DATELINE, NEW YORK, APRIL 4, 2016
by John Ford
You know, I wasn’t even going to write about Bernie Sanders recent achievements,
because it all played out the way it was supposed to. And what’s the fun of that? On top of which it’s been rather a wearing week – Satchel Paige was right, the social ramble ain’t restful (see below). But other, ostensibly wiser heads prevailed (thanks, The New Colloquium’s Editor in Chief) and here we are.
So, Bernie Sanders won a few primaries last time out, and the Berners (by which I mean neither the big fluffy dogs nor the tremendously gifted and unjustly overlooked writer/composer/aesthete of the first half of the last century) are going mad with glee. To be fair, a great many of them didn’t have that far to go to get there, so this too is not quite in the realm of the supernatural.
Wait. What? He didn’t win a few primaries? Whatever do you mean, he asks, rhetorically.
So here’s the thing (you know there’s always a thing: one way or another we’ll end up
talking about an idea, somewhere) Washington, Alaska, and Hawaii were not primaries, but
caucuses, and yes, there’s a fairly massive difference.
“There is?” pipes up a breathy young voice. “Whatever could that be?”
Primaries are more like a common or garden variety election. But because the stakes are generally considered lower, turnout is not typically terribly high. I mean to say, turnout isn’t even all that high for the actual elections in November, and roughly half that for primaries, give or take. Despite the quadrennial paroxysm of enthusiasm and barely bottled-up choler in which we are presently up to our ears – well, actually because of it – primaries are for the more enthusiastic and choleric to make their opinions known, which is why some states manage to return victories to truly head-scratching candidates.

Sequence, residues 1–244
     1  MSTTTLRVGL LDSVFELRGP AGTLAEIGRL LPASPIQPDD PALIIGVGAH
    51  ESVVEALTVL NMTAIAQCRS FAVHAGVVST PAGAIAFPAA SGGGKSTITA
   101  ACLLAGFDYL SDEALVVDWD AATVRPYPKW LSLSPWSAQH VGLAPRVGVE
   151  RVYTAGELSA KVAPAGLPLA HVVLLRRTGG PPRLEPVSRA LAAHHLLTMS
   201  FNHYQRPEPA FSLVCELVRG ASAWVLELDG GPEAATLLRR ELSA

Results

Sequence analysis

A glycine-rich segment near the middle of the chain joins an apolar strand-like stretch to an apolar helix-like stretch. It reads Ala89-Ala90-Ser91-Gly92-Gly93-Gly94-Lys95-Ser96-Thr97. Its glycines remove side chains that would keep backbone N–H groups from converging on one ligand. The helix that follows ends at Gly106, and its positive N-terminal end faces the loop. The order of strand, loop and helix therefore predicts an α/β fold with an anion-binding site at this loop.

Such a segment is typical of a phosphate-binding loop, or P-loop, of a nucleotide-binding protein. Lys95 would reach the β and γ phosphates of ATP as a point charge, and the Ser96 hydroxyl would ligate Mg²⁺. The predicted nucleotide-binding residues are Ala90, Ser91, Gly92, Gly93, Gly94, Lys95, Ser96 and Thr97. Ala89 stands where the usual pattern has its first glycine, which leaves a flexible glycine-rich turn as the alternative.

So, if primaries are for activists, caucuses are the domain of 1) the super-activists, and 2) people with quite literally nothing better to do than stand around for hours in a little group of semi-like-minded folk waiting to be counted. Yes, hours. For a primary, one goes in, gives the old school try to pencil neatly in the little circle next to one’s favored candidate’s name (assuming a degree of literacy), and slink out the back door so as not to run the risk of letting slip to friends and neighbors that that Trump fellow maybe isn’t all that bad after all (doubling or trebling that risk because in fact said friends and neighbors may be doing the exact same thing). In any event, it usually takes moments, unless one happens to vote in one of those places where the officials are practicing voter fraud for November.
The caucus is another thing entirely. It usually will take hours. You’re not voting, you’re caucusing, which is apparently defined as “standing around doing not much of anything, or pretty much what you’d be doing on any other day.” While this is (or isn’t) going on, the caucusers (caucusites? Caucasians? Well, almost invariably the latter, come to think of it, which also helps explain the Berniemania) may find themselves after quite some time standing in the Candidate X corner shifted into a group standing around for hours for Candidate Y if there aren’t enough X votes, or (and I’m not making this bit up) changing their votes for any reason they please during the length of the caucus. Offers of a square meal or snow shoveling in semi-Arctic climes in exchange for a shift in gaggles are not only not unheard of, but indeed part of how the game is played.